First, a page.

Comparison of techniques to reduce residential lead dust on carpet and upholstery: The New Jersey assessment of cleaning techniques trial

Lih Ming Yiin, George Rhoads, David Q. Rich, Junfeng Zhang, Zhipeng Bai, John L. Adgate, Peter J. Ashley, Paul J. Lioy

Research output: Contribution to journalArticle

12 Citations (Scopus)

Abstract

High-efficiency particulate air (HEPA) filtered vacuum cleaners are recommended by the U.S. Department of Housing and Urban Development for cleaning lead-contaminated house dust. We performed a randomized field study to determine whether a conventional (non-HEPA) vacuum cleaner could achieve cleaning results comparable with those of a HEPA vacuum cleaner. We compared the lead loading reductions of these two vacuum cleaners in a total of 127 New Jersey homes of lead-exposed children. We used wet towelettes and a vacuum sampler to collect lead dust from carpets and upholstery before and after vacuum cleaning. The vacuum sampling data showed that the HEPA and non-HEPA vacuum cleaners resulted in 54.7% (p = 0.006) and 36.4% (p = 0.020) reductions in lead loading, respectively, when used on soiled carpets, although the overall difference in lead loading reduction between the two vacuum cleaners was not statistically significant (p = 0.293). The wipe sampling data did not show any significant lead loading reduction for either of the vacuum cleaners, suggesting that both vacuum cleaners fail to clean the surfaces of carpet effectively, considering that wipe sampling media simulate surface contact. On upholstery, the wipe sampling data showed a significant reduction in lead loading for the non-HEPA vacuum cleaner (22.2%, p = 0.047). Even with the significant reduction, the postcleaning lead loadings on upholstery were similar to those on carpets. The similar lead loading results for carpets and upholstery indicate that soiled upholstery may be as important a source of childhood lead exposure as carpets.

Original languageEnglish (US)
Pages (from-to)1233-1237
Number of pages5
JournalEnvironmental health perspectives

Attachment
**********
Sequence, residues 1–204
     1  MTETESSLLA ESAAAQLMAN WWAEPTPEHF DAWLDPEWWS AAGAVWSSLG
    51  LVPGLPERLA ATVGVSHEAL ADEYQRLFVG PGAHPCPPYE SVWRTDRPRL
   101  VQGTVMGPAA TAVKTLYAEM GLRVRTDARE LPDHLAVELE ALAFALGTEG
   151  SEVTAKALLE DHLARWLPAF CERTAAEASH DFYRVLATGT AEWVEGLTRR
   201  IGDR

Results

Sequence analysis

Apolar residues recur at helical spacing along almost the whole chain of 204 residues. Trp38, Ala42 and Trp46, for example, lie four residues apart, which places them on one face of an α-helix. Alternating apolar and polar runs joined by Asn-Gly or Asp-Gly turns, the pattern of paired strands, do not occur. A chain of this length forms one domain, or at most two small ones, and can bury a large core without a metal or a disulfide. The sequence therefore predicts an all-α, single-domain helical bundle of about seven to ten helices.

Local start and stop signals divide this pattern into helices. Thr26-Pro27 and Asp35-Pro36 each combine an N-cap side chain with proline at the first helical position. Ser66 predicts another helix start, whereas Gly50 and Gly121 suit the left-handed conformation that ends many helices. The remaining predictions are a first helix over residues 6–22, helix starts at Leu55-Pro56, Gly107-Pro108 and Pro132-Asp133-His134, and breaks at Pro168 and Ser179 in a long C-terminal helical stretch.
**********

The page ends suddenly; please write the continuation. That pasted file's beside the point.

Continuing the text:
Volume110
Issue number12
DOIs
StatePublished - Dec 1 2002

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Vacuum
Dust
Air
Lead
Urban Renewal

All Science Journal Classification (ASJC) codes

  • Public Health, Environmental and Occupational Health
  • Health, Toxicology and Mutagenesis

Cite this

Yiin, Lih Ming ; Rhoads, George ; Rich, David Q. ; Zhang, Junfeng ; Bai, Zhipeng ; Adgate, John L. ; Ashley, Peter J. ; Lioy, Paul J. / Comparison of techniques to reduce residential lead dust on carpet and upholstery : The New Jersey assessment of cleaning techniques trial. In: Environmental health perspectives. 2002 ; Vol. 110, No. 12. pp. 1233-1237.
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abstract = "High-efficiency particulate air (HEPA) filtered vacuum cleaners are recommended by the U.S. Department of Housing and Urban Development for cleaning lead-contaminated house dust. We performed a randomized field study to determine whether a conventional (non-HEPA) vacuum cleaner could achieve cleaning results comparable with those of a HEPA vacuum cleaner. We compared the lead loading reductions of these two vacuum cleaners in a total of 127 New Jersey homes of lead-exposed children. We used wet towelettes and a vacuum sampler to collect lead dust from carpets and upholstery before and after vacuum cleaning. The vacuum sampling data showed that the HEPA and non-HEPA vacuum cleaners resulted in 54.7{\%} (p = 0.006) and 36.4{\%} (p = 0.020) reductions in lead loading, respectively, when used on soiled carpets, although the overall difference in lead loading reduction between the two vacuum cleaners was not statistically significant (p = 0.293). The wipe sampling data did not show any significant lead loading reduction for either of the vacuum cleaners, suggesting that both vacuum cleaners fail to clean the surfaces of carpet effectively, considering that wipe sampling media simulate surface contact. On upholstery, the wipe sampling data showed a significant reduction in lead loading for the non-HEPA vacuum cleaner (22.2{\%}, p = 0.047). Even with the significant reduction, the postcleaning lead loadings on upholstery were similar to those on carpets. The similar lead loading results for carpets and upholstery indicate that soiled upholstery may be as important a source of childhood lead exposure as carpets.",
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Comparison of techniques to reduce residential lead dust on carpet and upholstery : The New Jersey assessment of cleaning techniques trial. / Yiin, Lih Ming; Rhoads, George; Rich, David Q.; Zhang, Junfeng; Bai, Zhipeng; Adgate, John L.; Ashley, Peter J.; Lioy, Paul J.

In: Environmental health perspectives, Vol. 110, No. 12, 01.12.2002, p. 1233-1237.

Research output: Contribution to journalArticle

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